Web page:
David Lee joined the exclusive club of New Zealand Oscar winners in 2021, when he won the Academy Award for Visual Effects for his role as Digital Effects Supervisor on the visually mind-warping Tenet. The Canterbury-raised creative has worked all over the world on some of the biggest movie franchises in history and remains in high demand. But he was no overnight success. Lee has some words of wisdom for his younger self - and any creatives ready to embark on their career adventure.
And don’t give up that musical instrument. It only takes 10 minutes a day to form that habit that will take you through life, and as you get better, you won’t even notice that it’s now an hour a day.
I started learning the piano whenIi was in primary school and could never quite find the time to practise once I entered high school. I’m only now picking this up again, and would probably be a professional pianist by now if I had kept going.
Or at least be able to finish Fur Elise…
They require just as much work as your career. And they really are the reason we are all here. The support they give you can’t be beaten.
Whether it’s your friends, your partner, or your family, they will always be there to pick you up when you need it. They make life so much more joyful.
It means you're doing something new. That leads to pushing yourself forwards. I still feel scared, but have learnt to embrace it, as it now means I’m on the first step of getting better at something.
It means I’m pushing the limits of my comfort. And once I feel comfortable doing it, it’s a very satisfying feeling…well, more relief really. And then on to the next challenge!
Leaving New Zealand to adventure out on my own was terrifying, but my subsequent adventures have led me to some brilliant places and experiences. And don’t forget to let the ones coming up behind you know that you were scared at the same point they are at now. It’s always nice when you're younger to know you’re not alone in how you feel.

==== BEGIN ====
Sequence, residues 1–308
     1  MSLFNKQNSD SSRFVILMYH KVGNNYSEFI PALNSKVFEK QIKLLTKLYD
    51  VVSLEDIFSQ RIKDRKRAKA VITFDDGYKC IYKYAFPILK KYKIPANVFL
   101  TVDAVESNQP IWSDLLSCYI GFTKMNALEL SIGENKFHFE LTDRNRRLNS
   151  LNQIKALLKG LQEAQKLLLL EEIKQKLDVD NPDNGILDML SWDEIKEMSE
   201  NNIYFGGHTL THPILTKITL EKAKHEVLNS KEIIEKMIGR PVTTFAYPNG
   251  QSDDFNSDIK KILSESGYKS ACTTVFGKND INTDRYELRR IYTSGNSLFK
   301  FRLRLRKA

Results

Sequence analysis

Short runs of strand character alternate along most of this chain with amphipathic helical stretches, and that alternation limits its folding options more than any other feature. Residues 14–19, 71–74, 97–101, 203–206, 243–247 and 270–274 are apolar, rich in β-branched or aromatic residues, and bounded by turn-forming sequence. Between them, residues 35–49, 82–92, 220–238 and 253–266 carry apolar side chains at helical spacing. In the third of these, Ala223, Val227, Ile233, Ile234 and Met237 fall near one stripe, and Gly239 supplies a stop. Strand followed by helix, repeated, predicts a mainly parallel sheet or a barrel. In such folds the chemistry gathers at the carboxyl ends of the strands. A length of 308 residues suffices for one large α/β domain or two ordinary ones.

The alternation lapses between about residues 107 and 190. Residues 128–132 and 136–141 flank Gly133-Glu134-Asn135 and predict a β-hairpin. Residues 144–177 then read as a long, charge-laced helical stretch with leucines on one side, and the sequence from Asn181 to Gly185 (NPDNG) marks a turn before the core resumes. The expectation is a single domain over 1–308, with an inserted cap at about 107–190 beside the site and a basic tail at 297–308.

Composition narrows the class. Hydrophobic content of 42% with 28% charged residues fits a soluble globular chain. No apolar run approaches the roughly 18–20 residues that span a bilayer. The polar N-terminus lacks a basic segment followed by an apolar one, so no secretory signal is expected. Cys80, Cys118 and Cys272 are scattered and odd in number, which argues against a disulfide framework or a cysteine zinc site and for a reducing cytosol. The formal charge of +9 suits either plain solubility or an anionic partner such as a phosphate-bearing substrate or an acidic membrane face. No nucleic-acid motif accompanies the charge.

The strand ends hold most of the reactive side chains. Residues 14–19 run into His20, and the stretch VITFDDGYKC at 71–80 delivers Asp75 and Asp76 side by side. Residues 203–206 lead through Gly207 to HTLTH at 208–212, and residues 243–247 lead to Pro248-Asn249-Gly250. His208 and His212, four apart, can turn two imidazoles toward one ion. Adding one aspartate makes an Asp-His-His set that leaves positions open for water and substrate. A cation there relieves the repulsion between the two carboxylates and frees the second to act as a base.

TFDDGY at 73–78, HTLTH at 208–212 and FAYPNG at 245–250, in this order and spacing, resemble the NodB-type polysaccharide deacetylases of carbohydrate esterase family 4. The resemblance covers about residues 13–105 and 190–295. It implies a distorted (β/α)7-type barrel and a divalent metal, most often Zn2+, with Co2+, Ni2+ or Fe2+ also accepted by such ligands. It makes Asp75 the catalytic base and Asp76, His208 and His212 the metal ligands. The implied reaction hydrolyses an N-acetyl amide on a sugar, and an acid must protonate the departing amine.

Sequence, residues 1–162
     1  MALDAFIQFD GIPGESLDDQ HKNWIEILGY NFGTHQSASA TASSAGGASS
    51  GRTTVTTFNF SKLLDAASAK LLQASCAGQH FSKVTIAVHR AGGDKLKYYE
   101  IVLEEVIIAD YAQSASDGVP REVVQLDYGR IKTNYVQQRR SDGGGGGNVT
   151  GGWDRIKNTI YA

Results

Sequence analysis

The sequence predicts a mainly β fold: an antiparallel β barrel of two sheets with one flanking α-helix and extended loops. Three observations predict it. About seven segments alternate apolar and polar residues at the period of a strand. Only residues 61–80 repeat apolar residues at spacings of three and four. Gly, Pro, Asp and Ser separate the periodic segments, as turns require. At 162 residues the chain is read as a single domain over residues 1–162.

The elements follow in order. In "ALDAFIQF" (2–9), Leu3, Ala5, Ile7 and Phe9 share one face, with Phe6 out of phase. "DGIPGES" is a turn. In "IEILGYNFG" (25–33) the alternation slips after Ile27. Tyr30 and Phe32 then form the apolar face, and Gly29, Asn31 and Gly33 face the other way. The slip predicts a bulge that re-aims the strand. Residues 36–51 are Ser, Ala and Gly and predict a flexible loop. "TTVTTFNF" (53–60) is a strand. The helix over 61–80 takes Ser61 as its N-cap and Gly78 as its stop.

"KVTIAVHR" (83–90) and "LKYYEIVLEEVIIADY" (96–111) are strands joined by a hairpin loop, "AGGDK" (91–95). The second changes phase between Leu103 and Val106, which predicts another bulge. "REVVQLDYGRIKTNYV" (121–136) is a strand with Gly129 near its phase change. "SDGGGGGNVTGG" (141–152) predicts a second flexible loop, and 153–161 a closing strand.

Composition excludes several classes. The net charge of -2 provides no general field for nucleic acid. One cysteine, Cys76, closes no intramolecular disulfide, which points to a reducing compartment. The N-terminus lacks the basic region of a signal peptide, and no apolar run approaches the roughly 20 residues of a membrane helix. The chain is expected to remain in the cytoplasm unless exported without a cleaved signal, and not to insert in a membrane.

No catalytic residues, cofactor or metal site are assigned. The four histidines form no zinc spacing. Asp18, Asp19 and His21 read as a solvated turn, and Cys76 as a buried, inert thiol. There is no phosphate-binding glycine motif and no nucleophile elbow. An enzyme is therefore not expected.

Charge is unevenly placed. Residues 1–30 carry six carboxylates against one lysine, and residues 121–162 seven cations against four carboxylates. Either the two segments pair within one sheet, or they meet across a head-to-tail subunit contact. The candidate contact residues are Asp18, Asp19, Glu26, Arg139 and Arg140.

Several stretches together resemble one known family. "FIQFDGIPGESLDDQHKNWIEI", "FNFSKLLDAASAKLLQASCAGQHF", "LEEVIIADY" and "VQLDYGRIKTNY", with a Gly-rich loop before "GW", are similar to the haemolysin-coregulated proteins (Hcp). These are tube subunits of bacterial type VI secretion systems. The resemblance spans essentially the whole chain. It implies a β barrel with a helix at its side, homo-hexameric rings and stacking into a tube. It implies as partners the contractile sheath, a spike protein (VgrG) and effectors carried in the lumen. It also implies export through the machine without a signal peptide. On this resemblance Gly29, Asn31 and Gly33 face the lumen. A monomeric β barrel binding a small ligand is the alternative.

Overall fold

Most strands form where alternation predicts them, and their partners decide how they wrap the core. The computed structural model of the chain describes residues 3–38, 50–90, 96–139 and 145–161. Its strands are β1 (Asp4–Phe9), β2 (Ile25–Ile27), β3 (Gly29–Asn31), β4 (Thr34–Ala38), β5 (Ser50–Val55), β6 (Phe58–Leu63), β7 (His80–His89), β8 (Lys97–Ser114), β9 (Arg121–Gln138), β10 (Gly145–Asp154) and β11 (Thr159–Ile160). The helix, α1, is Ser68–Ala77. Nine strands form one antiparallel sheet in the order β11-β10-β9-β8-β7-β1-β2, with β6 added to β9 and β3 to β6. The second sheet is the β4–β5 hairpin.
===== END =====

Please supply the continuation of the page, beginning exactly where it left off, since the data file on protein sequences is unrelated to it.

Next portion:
David Lee (third from left) receiving his Academy Award with fellow London-based winners Andy Lockley, Andrew Jackson and Christopher Hampton. Photo: Supplied.
No-one else is watching you as intensely as you are.
Except your mum. She totally is.
So the next time you screw up at work, don’t have a sleepless night. The next morning you will probably be the only one who remembers it.
Learn from it.
When I first joined DNEG, I got given the opportunity to work on a concept for a new sequence. After a stressful week working it up, the deadline came, and the shot was not sent. I was crushed and felt like I had let the supervisor down. Reluctantly going into work the next day, feeling like I was going to be tarnished by my failure, no-one said a thing. It turned out the real deadline wasn’t for another week, and there was no honest expectation we would have been able to hit the original target in the first place.
The important thing was that I gave it my all.
It’s about moving through it, and enjoying it. You don’t need to know what you want to do straight out of school. Allow yourself time to find out what options you have, because the world is a big place, and there are loads more choices than you know.
I started off studying science, moved into hospitality, and finally into visual effects. But everything I experienced made me the person I am today. I’d be different without all my choices.
They make you, well, you. And that's the best thing of all.
David Lee speaking remotely to his studio-based team from on set. Photo: Supplied.